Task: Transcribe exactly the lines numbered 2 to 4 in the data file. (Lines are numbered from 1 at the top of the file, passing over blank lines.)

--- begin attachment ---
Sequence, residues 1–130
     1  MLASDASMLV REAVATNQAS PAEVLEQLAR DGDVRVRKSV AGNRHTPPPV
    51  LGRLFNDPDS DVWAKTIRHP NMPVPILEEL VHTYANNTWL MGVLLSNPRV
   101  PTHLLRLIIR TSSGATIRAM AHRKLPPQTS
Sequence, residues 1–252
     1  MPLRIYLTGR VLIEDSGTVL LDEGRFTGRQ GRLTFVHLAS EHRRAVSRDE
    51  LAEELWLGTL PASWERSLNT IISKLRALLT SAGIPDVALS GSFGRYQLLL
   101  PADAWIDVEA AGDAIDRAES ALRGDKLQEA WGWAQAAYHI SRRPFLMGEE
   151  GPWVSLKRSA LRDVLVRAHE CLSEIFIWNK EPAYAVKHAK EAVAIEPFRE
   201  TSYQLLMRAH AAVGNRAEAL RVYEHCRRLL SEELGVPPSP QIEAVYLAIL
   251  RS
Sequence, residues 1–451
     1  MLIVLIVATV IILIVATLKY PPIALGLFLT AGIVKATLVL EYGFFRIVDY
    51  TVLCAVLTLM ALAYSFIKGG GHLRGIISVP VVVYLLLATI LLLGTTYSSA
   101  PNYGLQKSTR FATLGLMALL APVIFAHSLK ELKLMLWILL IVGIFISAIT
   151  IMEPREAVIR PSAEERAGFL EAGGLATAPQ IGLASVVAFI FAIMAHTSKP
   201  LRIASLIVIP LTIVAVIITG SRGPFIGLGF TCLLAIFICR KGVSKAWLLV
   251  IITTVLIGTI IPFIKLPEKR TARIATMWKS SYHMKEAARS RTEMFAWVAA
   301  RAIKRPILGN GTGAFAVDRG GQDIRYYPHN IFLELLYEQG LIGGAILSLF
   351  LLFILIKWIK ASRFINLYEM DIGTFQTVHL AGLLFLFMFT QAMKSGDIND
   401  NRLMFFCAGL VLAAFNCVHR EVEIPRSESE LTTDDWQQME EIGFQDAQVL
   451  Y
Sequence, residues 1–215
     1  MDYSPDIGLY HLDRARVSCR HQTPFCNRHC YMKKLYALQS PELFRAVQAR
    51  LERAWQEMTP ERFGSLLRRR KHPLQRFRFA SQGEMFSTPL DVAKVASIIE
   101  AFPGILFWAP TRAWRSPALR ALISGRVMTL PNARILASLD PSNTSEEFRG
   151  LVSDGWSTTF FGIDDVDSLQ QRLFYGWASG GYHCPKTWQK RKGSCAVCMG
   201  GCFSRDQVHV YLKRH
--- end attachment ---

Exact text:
     1  MLASDASMLV REAVATNQAS PAEVLEQLAR DGDVRVRKSV AGNRHTPPPV
    51  LGRLFNDPDS DVWAKTIRHP NMPVPILEEL VHTYANNTWL MGVLLSNPRV
   101  PTHLLRLIIR TSSGATIRAM AHRKLPPQTS